Chronic stress can increase the risk of not only physiological issues, but psychological ones, too. The sad truth is that the African American household is far more likely to have conditions that would lead to chronic stress, which means that Black teens in America are at a disproportionate risk.
First of all, chronic stress is a consistent and long-term condition of feeling pressured and overwhelmed. It has symptoms like aches and pains, trouble sleeping, and trouble focusing. And, of course, if you’ve been reading this blog for a while, you know that stress can lead to mental health issues such as new or worsening depression.
As a matter of facts, In 2020, Beth Daley of The Conversation wrote, “Black youth in the U.S.A experience more illness, poverty, and discrimination than their white counterparts.” Despite the higher risk of mental health issues because of this, she says, “Black youth are less likely to seek treatment.” This is definitely worrying.
Black teens live in a society where people expect the worst from them and treat them accordingly. Black children are far more likely to be punished in schools for comparable offences and their punishments are likely to be worse. Even in the home, Black children are more likely to be treated differently by their parents.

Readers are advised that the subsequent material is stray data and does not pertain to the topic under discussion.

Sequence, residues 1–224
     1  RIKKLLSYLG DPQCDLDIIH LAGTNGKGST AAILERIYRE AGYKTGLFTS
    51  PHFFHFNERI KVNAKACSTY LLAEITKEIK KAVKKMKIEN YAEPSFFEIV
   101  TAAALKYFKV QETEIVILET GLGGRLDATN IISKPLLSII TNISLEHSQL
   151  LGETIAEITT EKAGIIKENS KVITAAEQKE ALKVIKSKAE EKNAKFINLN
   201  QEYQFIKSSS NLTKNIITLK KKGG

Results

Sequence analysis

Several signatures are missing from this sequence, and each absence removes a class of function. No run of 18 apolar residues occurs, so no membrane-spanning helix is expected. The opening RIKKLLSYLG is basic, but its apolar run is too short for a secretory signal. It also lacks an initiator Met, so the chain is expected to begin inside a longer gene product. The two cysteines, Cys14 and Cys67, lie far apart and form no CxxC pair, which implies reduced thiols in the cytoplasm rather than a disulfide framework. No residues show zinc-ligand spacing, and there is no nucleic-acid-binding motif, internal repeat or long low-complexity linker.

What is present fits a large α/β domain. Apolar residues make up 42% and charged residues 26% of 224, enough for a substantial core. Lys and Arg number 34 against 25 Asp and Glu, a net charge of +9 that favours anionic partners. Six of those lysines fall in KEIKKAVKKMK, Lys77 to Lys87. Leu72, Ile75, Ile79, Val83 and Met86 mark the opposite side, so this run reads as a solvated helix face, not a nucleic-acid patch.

Unfortunately, this is the result of trauma from the past against ancestors of these Black families. With all that Black children and teens face. It’s no wonder that they are at a higher risk of stress. So, you’re probably wondering by now what we can do to help. Well, for one thing, we can stop looking down on people with mental health issues.
Chronic Stress in teenagers
Having depression or the like doesn’t make you “crazy.” It just means you need a specific kind of help.
For that matter, we should also stop making people feel ashamed for needing help. Just like somebody with asthma needs to get go to the doctor, somebody with stress-related issues can benefit from going to a mental health professional.
Because of the long history of stigma and discrimination in the United States, many Black people do not trust the healthcare system. So, this next one is for my health professionals: We need to foster an environment where everybody, no matter their social and racial background, feels safe. Easier said than done, but it starts with every single one of us.